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From this bare, wither'd trunk: upon thy sight,
P. Hen. My Lord of Westmoreland,
K. Hen. Doth any name particular belong
West. 'Tis call'd Jerusalem, my noble lord.
[Music without. Exeunt.
ACT THE FIFTH.
The Orchard at SHALLOW's Seat, in Glostershire.
Enter SHALLOW, FALSTAFF, BARDOLPH, and PAGE.
Shal. By cock and pye, sir, you shall not away tonight. What, Davy, I say !
Fal. You must excuse me, Master Robert Shallow.
Shal, I will not excuse you; you shall not be excused ; excuses shall not be admitted ; there is no
excuse shall serve ! you shall not be excused.—Why, Davy!
. Enter Davy. Davy. Here, sir.
Shal. Davy, Davy, Davy,let me see, Davy; let me see:-yea, marry, William cook ; bid him come hither:-Sir John, you shall not be excused. .
Davy. Marry, sir, thus; those precepts cannot be served : and, again, sir,-Shall we sow the headland with wheat ?
Shal. With red wheat, Davy. But for William cook ;-~Are there no young pigeons?
Davy. Yes, sir. Here is now the smith's note, for shoeing, and plough-irons..
Shal. Let it be cast, and paid :—Sir John, you shall not be excused.- Some pigeons, Davy; a couple of short-legg'd hens; a joint of mutton; and any pretty little tiny kickshaws, tell William cook.
Davy. Doth the man of war stay all night, sir?
Shal. Yes, Davy. I will use him well; a friend i' the court is better than a penny in purse.
Davy. I beseech you, sir, to countenance William Visor, of Woncot, against Clement Perkes, of the Hill.
Shal. There are many complaints, Davy, against that Visor; that Visor is an arrant knave, on my knowledge.
Davy. I grant your worship, that he is a knave, sir; but yet, Heaven forbid, sir, but a knave should have some countenance at his friend's request. An honest man, sir, is able to speak for himself, when a knave is not. I have served your worship truly, sir, these eight years; and if I cannot once or twice in a quarter bear out a knave against an honest man, I have but a very little credit with your worship. The knave is mine honest friend, sir; therefore, I beseech your worship, let him be countenanced.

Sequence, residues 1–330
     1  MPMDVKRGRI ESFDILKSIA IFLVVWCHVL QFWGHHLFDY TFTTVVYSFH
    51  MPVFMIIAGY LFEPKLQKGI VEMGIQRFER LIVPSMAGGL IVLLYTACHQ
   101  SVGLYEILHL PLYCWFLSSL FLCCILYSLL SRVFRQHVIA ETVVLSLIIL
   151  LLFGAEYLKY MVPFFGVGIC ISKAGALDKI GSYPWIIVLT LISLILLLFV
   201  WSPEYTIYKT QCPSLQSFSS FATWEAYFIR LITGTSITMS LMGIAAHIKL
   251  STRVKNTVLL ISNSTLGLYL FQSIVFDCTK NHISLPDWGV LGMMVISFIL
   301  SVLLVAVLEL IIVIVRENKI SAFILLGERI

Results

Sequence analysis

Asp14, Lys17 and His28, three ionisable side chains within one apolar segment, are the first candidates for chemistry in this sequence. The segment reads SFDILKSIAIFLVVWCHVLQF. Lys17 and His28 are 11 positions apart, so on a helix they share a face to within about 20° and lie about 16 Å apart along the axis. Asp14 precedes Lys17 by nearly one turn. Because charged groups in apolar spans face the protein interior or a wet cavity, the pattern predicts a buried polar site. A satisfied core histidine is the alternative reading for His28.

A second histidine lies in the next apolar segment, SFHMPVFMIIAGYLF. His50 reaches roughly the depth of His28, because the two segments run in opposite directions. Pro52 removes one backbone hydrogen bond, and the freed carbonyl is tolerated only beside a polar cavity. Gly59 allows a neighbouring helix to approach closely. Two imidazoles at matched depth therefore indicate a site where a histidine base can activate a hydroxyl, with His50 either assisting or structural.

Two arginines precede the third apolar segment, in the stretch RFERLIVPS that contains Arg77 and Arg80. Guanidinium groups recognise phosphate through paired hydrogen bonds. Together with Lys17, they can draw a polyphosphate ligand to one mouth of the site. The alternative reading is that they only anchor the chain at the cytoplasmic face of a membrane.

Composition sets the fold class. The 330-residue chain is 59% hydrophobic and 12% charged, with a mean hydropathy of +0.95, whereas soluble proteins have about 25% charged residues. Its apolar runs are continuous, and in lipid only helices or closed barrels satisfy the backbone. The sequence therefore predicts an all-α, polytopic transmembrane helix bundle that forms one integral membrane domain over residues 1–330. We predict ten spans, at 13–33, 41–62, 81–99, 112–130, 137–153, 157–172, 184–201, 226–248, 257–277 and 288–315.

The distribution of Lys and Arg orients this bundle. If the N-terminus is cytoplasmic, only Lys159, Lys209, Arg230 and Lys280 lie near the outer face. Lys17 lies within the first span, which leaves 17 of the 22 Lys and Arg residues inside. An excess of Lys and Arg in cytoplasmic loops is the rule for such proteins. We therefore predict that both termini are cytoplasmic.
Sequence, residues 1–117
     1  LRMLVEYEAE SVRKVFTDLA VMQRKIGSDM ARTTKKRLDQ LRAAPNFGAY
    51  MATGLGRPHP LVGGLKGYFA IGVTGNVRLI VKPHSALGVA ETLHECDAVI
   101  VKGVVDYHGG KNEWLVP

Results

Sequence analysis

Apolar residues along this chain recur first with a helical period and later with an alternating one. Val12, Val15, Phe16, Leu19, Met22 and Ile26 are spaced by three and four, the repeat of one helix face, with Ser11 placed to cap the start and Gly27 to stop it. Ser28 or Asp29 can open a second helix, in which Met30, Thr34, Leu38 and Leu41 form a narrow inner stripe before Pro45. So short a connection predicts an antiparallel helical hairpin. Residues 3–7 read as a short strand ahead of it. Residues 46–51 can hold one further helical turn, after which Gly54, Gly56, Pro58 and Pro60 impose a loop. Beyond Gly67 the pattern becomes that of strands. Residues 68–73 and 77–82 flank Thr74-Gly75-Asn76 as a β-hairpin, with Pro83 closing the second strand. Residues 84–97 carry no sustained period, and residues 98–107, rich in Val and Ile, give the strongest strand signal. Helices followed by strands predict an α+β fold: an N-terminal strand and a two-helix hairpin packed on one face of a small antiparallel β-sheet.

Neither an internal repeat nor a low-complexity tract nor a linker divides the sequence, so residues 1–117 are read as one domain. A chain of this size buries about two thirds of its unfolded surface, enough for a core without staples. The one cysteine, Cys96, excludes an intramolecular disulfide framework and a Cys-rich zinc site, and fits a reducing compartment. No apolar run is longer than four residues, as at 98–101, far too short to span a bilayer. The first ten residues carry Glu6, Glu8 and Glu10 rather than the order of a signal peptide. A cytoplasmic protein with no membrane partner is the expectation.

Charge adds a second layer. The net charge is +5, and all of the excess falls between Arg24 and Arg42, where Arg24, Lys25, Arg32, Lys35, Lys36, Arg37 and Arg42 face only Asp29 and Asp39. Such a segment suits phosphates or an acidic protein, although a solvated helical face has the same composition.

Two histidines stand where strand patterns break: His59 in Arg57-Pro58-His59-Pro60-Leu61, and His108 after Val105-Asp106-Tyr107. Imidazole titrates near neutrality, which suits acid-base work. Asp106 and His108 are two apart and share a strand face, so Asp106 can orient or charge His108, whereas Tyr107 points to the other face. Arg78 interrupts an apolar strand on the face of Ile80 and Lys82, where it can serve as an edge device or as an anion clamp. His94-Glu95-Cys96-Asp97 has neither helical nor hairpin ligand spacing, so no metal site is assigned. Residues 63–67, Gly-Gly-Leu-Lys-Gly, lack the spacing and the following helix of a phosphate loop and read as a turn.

Shal. Go to; I say, he shall have no wrong. Look about, Davy. [Exit Davy.] Where are you, Sir John? Come, off with your boots.-Give me your hand, Master Bardolph.
Bard. I am glad to see your worship.
Shal. I thank thee with all my heart, kind Master Bardolph:--and welcome, my tall fellow. [To the Page.]-Come, Sir John.
Fal. I'll follow you, good Master Robert Shallow.. Bardolph, look to our horses. [Exeunt SHALLOW, BARDOLPII, and PAGE.] If I were sawed into quan. tities, I should make four dozen of such bearded hermit's staves as Master Shallow. It is a wonderful thing, to see the semblable coherence of his men's spirits and his: They, by observing him, do bear themselves like foolish justices; be, by conversing with them, is turned into a justice-like serving-man: their spirits are so married in conjunction with the participation of society, that they flock together in consent, like so many wild-geese. It is certain, that either wise bearing, or ignorant carriage, is caught, as men take diseases, one of another: therefore, let men take heed of their company. I will devise matter enough out of this Shallow, to keep Prince Harry in continual laughter. Oh, it is much that a lie, with a slight oath, and a jest with a sad brow, will do with a fellow that never had the ache in his shoulders! Oh, you shall see him laugh, till his face be like a wet cloak, ill laid up.
Shal. (Within.] Sir John!
Fal. I come, Master Shallow; I come, Master
fc. SHALLOW, SILENCE, BARDOLPH, Page, and
chard, here are seats :-we will eat a last year's pippin of my own graffing, with a dish of carraways, and so forth;-come, cousin Silence.
Fal. You have here a goodly dwelling, and a rich.
Shal. Barren, barren, barren; beggars all, beggars all, Sir John :-marry, good air.-Spread, Davy, spread, Davy: well said, Davy.
Fal. This Davy serves you for good uses; he is your serving-man, and your husband-man.
Shal. A good varlet, a good varlet, a very good varlet, Sir John.-By the mass, I have drunk too much sack to-lay :- agood varlet. Now sit down: now sit down :- come, cousin.
i [They sit, the SERVANTS waiting. Sil. Ah, sirrah! quoth-a, -we shall — [Singing,
Do nothing but eat, and make good cheer,
And ever among so merrily, fc.
Shal. Give Master Bardolph some wine, Davy.
Davy. Sweet sir, sit;-BARDOLPH and Page sit at another Table.] I'll be with you anon:-most sweet sir, sit.-Master Page, good Master Page, sit. [Exit.
Shal. Be merry, Master Bardolph ;-and my little soldier there, be merry. Sil. [Singing. ] Be merry, be merry, my wife's as all;
For women are shrews, both short and tall;
And welcome merry shrove-tide.
Fal. I did not think, Master Silence had been a man of this mettle.
Sil. Who I? I have been merry twice and once, ere now,
Enter Davy, with a Dish of Apples.
[Setting them before BARDOLPH., Shal. Davy,
Davy. Your worship? - I'll be with you straight. A cup of wine, sir ?
Sil. (Singing.] A cup of wine, that's brisk and fine, And drink unto the leman mine :
And a merry heart lives long-a. . , Fal. Well said, Master Silence.
Sil. An we shall be merry, now comes in the sweet of the night.
Fal. Health and long life to you, Master Silence!
Shal. Honest Bardolph, welcome : Welcome, my little tiny thief: (To the Page.] and welcome, in-. deed, too.—I'll drink to Master Bardolph, and to all the cavaleros about London.
Davy. I hope to see London once ere I die.
Shal. You'll crack a quart together. Ha! will you not, Master Bardolph?
Bard. Yes, sir, in a pottle pot.
Shal. I thank thee :--The knave will stick by thee, I can assure thee that: he will not out; he is true bred.
Bard. And I'll stick by him, sir.